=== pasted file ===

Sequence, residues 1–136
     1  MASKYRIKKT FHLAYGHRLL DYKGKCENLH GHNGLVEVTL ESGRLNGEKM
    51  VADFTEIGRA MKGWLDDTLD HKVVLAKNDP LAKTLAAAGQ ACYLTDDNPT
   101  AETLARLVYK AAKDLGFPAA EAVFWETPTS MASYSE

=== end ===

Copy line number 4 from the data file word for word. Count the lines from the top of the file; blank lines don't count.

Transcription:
   101  AETLARLVYK AAKDLGFPAA EAVFWETPTS MASYSE